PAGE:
Friday, April 14, 2017

Rare Birds


Adam Szymkowicz’ play Rare Birds, which has just been produced by The Red Fern Theatre Company at the 14th Street Y (off-off-Broadway), is a study of high school bullying. I’m going to tell you the plot, so beware – I include a spoiler! I’m doing it because it needs to be discussed in detail.

Dylan and Mike bully Evan mercilessly. They beat him up at school and execute a cyberbullying scam that leads him to make a video that he thinks is going to Jenny, the girl he’s after. Actually, of course, it’s going to Dylan, who shows it to the school student body. Worse, Dylan, who’s the lead bully, shows up at Evan’s bedroom window and gives him a gun, telling him to shoot himself. Evan makes a suicide video and is about to blow his brains out when Jenny shows up at his window. Mike has sent her, after Dylan told him about giving Evan the gun. Jenny saves Evan by validating his worth.

There’s also a subplot concerning Evan’s mother and her boyfriend, Ralph. Ralph tries to teach Evan to fight. “Sometimes the big kids pick on the smaller kids” Ralph reminds him. But Evan trusts no one, and, besides, he’s in denial: “I don’t need to know how to defend myself.”

Mr. Szymkowicz’ portrait of the young man is complex. He shows Evan to be hostile to his mother and Ralph, and we can see in his scenes with Ralph how intense his Oedipal complex is. We can see what a dork he is when he approaches Jenny. “How has your day been thus far?” he asks her (she rebuffs him). And in his suicide video, in the play’s most truthful moment, he says “This is all your fault. I want the guilt to eat you up.”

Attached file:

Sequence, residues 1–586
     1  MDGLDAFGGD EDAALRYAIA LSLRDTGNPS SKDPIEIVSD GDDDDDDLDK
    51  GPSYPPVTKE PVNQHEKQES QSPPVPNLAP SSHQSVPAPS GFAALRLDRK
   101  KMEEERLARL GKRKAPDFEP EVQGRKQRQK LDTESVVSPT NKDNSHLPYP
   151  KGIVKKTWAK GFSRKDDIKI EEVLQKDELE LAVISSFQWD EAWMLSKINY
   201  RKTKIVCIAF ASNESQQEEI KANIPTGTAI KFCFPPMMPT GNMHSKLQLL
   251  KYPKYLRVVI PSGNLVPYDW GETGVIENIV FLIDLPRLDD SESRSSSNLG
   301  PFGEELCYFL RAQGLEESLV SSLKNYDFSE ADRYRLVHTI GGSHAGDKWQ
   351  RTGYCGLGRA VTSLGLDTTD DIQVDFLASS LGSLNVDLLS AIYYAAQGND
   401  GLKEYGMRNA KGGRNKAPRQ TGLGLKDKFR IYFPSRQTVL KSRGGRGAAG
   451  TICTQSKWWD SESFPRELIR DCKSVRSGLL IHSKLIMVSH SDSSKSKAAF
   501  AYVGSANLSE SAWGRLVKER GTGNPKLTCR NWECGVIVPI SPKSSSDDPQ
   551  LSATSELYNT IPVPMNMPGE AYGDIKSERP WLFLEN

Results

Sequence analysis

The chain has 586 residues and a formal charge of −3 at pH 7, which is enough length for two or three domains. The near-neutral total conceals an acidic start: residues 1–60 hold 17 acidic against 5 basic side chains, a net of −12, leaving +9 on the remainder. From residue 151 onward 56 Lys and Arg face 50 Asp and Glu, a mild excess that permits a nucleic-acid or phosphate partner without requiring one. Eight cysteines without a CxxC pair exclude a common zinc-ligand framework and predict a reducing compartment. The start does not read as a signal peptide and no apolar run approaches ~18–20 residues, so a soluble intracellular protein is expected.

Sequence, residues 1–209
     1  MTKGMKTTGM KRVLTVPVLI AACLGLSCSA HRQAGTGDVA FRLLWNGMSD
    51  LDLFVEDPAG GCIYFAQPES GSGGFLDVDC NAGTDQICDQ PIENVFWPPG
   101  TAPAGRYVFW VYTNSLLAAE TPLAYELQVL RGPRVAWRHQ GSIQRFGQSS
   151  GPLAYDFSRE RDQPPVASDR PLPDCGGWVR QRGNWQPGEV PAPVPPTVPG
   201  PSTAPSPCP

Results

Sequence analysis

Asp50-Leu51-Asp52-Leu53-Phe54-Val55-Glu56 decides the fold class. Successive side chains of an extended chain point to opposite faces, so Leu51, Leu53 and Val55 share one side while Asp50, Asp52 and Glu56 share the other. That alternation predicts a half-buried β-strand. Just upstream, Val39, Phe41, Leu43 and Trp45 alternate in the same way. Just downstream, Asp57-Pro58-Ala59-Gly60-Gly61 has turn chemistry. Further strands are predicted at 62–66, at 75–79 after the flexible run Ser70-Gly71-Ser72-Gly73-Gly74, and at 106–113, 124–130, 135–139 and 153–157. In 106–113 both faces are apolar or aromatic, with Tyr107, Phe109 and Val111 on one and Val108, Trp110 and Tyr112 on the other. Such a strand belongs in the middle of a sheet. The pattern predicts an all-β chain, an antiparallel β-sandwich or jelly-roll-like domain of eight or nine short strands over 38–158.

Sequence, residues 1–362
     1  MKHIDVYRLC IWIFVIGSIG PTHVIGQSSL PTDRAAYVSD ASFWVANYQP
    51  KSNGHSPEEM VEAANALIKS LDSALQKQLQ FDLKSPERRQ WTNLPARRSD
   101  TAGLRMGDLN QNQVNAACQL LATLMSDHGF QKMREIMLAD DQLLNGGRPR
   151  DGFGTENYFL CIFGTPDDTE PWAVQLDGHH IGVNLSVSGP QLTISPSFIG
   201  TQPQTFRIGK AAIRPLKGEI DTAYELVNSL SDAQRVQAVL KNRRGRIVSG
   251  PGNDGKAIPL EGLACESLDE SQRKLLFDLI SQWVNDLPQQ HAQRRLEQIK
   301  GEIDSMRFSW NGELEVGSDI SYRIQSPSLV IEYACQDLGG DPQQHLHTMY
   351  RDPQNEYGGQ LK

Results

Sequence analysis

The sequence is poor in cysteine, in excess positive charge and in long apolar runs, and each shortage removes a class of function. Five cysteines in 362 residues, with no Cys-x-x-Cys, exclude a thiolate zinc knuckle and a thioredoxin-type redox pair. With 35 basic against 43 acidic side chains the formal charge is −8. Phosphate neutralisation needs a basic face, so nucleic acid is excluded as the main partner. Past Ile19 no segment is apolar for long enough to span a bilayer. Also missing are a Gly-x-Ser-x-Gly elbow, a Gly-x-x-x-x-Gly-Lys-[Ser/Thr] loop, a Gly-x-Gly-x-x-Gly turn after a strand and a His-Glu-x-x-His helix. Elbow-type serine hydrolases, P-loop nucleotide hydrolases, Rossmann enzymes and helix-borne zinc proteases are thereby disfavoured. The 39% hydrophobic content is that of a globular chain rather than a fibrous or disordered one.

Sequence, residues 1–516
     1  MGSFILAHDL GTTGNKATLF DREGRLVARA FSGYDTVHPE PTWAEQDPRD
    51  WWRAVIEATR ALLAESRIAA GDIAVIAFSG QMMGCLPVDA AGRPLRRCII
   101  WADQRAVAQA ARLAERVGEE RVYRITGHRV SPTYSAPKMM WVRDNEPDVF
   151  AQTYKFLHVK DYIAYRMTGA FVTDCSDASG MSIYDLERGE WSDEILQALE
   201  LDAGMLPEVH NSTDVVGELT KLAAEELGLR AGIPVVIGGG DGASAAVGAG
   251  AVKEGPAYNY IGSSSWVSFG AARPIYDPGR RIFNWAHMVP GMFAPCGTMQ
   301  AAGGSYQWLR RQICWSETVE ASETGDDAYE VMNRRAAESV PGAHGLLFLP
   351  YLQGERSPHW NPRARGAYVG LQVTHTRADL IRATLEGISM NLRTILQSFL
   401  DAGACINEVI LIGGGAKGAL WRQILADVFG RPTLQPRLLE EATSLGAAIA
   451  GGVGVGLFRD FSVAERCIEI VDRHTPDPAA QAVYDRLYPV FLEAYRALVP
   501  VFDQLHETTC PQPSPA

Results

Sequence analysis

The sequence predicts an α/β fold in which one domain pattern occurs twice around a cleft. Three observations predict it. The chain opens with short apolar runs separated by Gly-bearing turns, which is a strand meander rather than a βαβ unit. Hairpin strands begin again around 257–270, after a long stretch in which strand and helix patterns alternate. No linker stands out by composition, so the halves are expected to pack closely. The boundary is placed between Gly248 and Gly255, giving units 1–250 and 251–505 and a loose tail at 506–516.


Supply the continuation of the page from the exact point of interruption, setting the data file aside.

The core of the bullying problem, we learn, is that Dylan is gay, and attracted to the straight Evan. We know Dylan’s gay because he tries to give Mike a feel while they’re wrestling. What’s more, Jenny says that she saw Dylan naked, apparently lewdly so, with her last boyfriend.

Certainly, repressed homosexual urges account for a lot of bullying among boys. But Dylan’s sexuality isn’t repressed; he’s sexually active. Rare Birds is a regression to the homophobic depiction of the gay as predator. The bullies call Evan a faggot; Dylan is the gay as gay-basher. Even Dylan’s name is derogatory – it suggests one of the Columbine killers, who were called gay by certain parties.

Evan is redeemed when he kisses a girl – that is, because he’s straight. When Ralph tries to teach Evan to fight, Evan accuses him of molesting him, for no reason. Within the context of the play there’s no positive gay perspective.

The script is well crafted, never flagging, with carefully wrought dialogue. But Mr. Szymkowicz resorts to contrivance when Jenny shows up just in time to save Evan’s life. More importantly, he doesn’t discuss the problem of bullying thoroughly. After nearly killing himself, Evan is saved miraculously. Mr. Szymkowicz never suggests how to deal directly with being victimized.   

Scott Ebersold has directed masterfully. He keeps the stage fluid and dynamic, and he allows his actors to shine. The entire cast performs well, although the two bullies aren’t given much to do except to be mean. Tracey Gilbert smiles impotently as Evan’s mother, knowing she can’t discipline him. Robert Buckwalter is suitably patient as Ralph. Jake Glassman gives us terrific work as Evan, truthfully revealing various contradictory aspects of the character as the script demands.

And so Rare Birds is a well-executed production of a script that lacks cultural truth. In this topsy-turvy dramatic world, the gays bully the straights. Mr. Szymkowicz needs to rethink his concept.

Review
Steve Capra
April 2017